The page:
What's the Connection between Moonlight and Baseball?

Somehow it feels like baseball and moonlight are connected.

The glaring lights at a night game even look like moon beams, as in this shot of Shoeless Joe in "Field of Dreams":

Novelist Bill Kinsella certainly saw a connection. He included the character Moonlight Graham in his book (on which Field of Dreams was based) because he was taken by that name when he found it in the Baseball Encyclopedia. Yes, Archibald "Moonlight" Graham was a real player: he played a half inning for the Giants in the early 1900's, never got to bat, and later became a doctor in Chisholm, Minnesota.

The real Moonlight Graham. Credit: encyl.opentopia.com

Kinsella chose well because moonlight is a good metaphor for baseball itself: it flips things around and mocks the usual rules. In other sports you can't keep playing once you cross the out-of-bound lines, but in baseball, you can. When someone catches a ball in the foul territory, we realize the foul line is not the out-of-bounds line, after all; it's an illusion. The foul line says, "This looks like the out-of-bounds line, but beyond its limits, the game keeps going." And since lines represent social authority (limits, rules, what you can and can't do), the foul line embodies a deep ambivalence about society: a desire to respect and throw out the rules at the same time, a desire to keep play going, even after it's supposed to be over--like moonlight.

Related Posts about Baseball:
All posts about baseball, including posts on sliding and rebellion, the foul ballthe catch and sharingfeeling good in crowds, and basketball vs. baseball.

All posts about Field of Dreams (and baseball), and my post on ALS and my cousin.

Further Reading:
For more on the real Moonlight/Doc Graham, see his Wikepedia entry or the new book titled Chasing Moonlight: The True Story of Field of Dreams' Doc Graham.


CitizenJMAC said...

Baseball and the moon were at odds for the first half of baseball's life -- most games being played during the day and sometimes being postponed when the field became too dark.

The standardization of lights in all the parks brought baseball nearer to the moon, and also made it much more profitable--now families could attend games (and TV viewers could tune in) after work, which had a big impact on attendance revenue. Now night games are much more common than day games, although certain stadiums (Wrigley for instance) do still schedule more day games for nostalgia's sake.

Personally, I think there's something special about watching baseball in the afternoon, but I get my fix every Arizona March during Spring Training.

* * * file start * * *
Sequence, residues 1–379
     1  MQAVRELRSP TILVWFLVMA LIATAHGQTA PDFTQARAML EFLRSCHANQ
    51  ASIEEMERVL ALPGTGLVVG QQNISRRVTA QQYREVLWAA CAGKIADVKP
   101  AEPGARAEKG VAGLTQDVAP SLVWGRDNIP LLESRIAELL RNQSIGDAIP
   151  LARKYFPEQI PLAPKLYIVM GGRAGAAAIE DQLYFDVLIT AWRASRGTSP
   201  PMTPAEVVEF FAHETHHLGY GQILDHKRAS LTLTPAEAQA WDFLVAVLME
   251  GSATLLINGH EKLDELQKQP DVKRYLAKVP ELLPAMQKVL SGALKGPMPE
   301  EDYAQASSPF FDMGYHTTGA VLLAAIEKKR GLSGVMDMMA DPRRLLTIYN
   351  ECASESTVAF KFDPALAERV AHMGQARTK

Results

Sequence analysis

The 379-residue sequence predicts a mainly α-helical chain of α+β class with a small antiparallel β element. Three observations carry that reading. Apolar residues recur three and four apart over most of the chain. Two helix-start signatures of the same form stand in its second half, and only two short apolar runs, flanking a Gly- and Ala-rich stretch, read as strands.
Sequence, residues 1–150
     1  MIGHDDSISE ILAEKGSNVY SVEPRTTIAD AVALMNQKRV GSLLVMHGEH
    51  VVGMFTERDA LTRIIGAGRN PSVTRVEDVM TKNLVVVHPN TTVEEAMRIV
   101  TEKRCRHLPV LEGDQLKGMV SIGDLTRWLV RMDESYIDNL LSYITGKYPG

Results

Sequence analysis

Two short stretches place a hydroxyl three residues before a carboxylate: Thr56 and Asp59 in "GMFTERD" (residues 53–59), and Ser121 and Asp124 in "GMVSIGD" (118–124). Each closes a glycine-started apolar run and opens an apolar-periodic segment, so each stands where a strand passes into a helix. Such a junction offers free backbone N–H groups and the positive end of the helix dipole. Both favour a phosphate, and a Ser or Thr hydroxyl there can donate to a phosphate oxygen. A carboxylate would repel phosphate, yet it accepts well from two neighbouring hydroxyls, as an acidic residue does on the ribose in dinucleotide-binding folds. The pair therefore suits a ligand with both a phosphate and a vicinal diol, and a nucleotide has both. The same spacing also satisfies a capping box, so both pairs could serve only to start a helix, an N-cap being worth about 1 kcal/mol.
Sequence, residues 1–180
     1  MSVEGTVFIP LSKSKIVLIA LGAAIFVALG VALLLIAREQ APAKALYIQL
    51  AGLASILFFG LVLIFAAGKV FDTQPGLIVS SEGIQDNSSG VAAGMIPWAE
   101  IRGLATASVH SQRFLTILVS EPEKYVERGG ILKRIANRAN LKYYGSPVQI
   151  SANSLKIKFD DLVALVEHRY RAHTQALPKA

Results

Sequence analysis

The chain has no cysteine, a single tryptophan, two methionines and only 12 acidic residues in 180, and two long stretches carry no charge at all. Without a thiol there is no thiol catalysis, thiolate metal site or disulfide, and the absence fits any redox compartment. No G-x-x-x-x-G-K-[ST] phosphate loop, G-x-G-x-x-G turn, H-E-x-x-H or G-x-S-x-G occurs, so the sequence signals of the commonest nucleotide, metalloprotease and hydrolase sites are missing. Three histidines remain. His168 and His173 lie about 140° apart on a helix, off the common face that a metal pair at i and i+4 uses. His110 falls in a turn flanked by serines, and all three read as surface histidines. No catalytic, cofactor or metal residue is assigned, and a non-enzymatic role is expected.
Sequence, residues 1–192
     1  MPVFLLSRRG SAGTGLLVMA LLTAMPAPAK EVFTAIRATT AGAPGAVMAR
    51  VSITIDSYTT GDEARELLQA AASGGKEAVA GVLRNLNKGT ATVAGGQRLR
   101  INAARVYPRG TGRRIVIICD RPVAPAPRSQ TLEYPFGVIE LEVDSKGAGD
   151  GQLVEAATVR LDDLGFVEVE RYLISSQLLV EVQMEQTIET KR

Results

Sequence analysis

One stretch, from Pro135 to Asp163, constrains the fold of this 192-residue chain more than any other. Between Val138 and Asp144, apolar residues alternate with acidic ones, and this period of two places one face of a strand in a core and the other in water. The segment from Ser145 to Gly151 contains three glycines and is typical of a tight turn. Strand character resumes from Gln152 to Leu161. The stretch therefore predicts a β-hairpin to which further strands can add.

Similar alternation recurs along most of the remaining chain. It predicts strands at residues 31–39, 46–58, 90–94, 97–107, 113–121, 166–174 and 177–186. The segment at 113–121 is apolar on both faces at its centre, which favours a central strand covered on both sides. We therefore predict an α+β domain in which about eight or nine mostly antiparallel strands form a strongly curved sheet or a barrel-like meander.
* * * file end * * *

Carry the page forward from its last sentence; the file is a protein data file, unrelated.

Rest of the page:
Peter Wogan said...

Thanks for the excellent comments, Citizen JMAC! I didn't know this about Wrigely, for example...or that you go to Arizona every year. You ARE a true baseball fan!

So as I'm sure you know, too, Shoeless Joe makes a negative comment about the lights in the movie: "What's with the lights?" he says to Ray, and then when Ray says it was the idea of the owners, he scoffs, "Owners." That comment does serve the movie's point, it seems, of showing the passage of time and changes to baseball, the very ones you've noted. But I still like to think that even Shoeless Joe would end up liking the night lights (if not playing under them). After all, he even waxes poetic about "brass spittoons" in the hotel lobby! (I always say, Nothing like spitting indoors in a fancy bucket--that's good living.:))
Thanks again for the posts.

Anonymous said...

The moon is not only seen at night, a fact noticed more often under summer's clear skies. Baseball's relationship to the moon is not necessarily limited to night or darkness.

This view of the moon and baseball makes particular sense in the context of baseball as a pastime. With so much down-time between moments of action, you can notice things like the moon.

Peter Wogan said...

Thanks for the comments!

I agree with you, and that's a good point about the down-time in baseball allowing for reflection on these things. I do especially love it when the moon shows itself during the daytime. Even more than the nighttime moon, the daytime moon gives that feeling of things being flipped around. Last week the moon was hanging in the sky in the morning, and I just wanted to take a photo every time I looked at it! But I don't know that I could ever do better than that Flickr shot of the moon at PGE Park, so I never did take any photos. I've never met anyone who specifically uses the term "baseball moon," but I'd still like to think that the baseball-moon connection has been crystallized in speech.

Thanks again for the comments.